Best Life: Mediterranean diet may help ease symptoms of multiple sclerosis

Published: Feb. 24, 2023 at 6:32 AM CST
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NEW YORK, N.Y. (Ivanhoe Newswire) – Coronary bypass surgery is the most common heart surgery in the United States, with over 200,000 procedures done every year.

The surgery improves blood flow to the heart by bypassing arteries clogged with plaque. Surgeons are performing this procedure in a specialized way and for many patients, that means the heart keeps beating during the entire procedure.

For New York artist Yvelisse Boucher, putting brush to paper last year was cathartic and very personal. Boucher began painting safari-themed pictures after hearing wonderful news from her son and his fiancée that they were expecting.

It also compelled the 61-year-old to make a life-altering decision.

“I have some work to do. I gotta be able to run around and chase this little guy,” said Boucher.

Boucher was facing some serious health issues – she had Type 2 diabetes, a previously undetected stroke left her weak on one side. She had heart disease and learned she needed a triple bypass.

“I was terrified. I was truly, truly terrified,” said Boucher.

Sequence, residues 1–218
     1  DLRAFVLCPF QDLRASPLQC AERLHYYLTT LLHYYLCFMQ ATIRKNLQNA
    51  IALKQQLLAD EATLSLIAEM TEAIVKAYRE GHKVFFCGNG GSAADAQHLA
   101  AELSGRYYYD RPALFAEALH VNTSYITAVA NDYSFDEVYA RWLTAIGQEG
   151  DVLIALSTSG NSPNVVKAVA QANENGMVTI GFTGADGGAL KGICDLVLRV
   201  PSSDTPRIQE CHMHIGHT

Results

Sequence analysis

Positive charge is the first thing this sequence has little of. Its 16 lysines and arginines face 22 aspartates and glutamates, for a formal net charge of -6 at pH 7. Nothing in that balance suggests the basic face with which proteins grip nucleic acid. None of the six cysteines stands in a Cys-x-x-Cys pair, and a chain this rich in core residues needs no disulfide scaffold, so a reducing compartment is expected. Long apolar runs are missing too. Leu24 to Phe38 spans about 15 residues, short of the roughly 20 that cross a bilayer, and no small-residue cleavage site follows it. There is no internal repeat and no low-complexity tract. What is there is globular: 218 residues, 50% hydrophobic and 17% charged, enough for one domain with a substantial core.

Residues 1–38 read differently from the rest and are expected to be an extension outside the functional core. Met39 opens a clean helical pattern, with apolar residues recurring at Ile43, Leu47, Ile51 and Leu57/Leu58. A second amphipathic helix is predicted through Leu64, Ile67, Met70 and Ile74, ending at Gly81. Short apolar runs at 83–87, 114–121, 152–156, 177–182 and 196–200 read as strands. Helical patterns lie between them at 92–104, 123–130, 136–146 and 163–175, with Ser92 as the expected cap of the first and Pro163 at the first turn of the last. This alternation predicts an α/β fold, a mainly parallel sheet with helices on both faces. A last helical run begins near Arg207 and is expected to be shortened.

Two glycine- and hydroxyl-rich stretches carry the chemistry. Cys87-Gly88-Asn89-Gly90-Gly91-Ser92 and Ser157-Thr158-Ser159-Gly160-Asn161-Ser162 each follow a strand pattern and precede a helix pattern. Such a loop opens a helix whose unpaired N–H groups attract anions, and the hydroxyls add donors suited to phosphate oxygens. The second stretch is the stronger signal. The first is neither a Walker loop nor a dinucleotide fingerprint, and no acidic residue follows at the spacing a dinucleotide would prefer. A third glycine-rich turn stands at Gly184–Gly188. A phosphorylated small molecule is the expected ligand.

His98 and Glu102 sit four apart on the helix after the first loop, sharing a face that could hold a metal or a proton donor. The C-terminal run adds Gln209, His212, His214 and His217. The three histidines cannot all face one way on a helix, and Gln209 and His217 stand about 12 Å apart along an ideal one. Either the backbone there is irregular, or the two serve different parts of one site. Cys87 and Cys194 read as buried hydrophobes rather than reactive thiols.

Mount Sinai Morningside cardiovascular surgeon, John Puskas, MD recommended a highly-specialized surgery using arteries instead of veins and unlike other bypass procedures, surgeons didn’t stop the heart.

“The no-aortic touch all arterial bypass operation does not use the heart-lung machine at all. Instead of attaching arteries or veins to the aorta, we actually leave them with their own normal inflow,” said Dr. Puskas.

Dr. Puskas removed an artery from Boucher’s wrist to perform the bypass. Surgeons also surgically repositioned two internal arteries to improve blood flow. Dr. Puskas says the arterial graft and off-pump surgery leads to shorter recovery and better outcomes.

Boucher says she kept thinking about meeting her grandson, and that kept her going during recovery.

After recovery, Boucher finally met her grandson, Ezra.

“I did a little peek-a-boo thing with him, and he gave me my first smile and my heart just burst,” she exclaims.

Dr. Puskas says the arterial graft no-touch heart bypass is now the preferred way. He and his Mount Sinai Morningside colleagues performed a coronary bypass.

Studies show there is a two percent stroke risk during traditional coronal bypass surgery. With the arterial graft no-touch technique, surgeons reduce the stroke risk to one-quarter of one percent.

Contributors to this news report include: Cyndy McGrath, Producer; Kirk Manson, Videographer; Roque Correa, Editor

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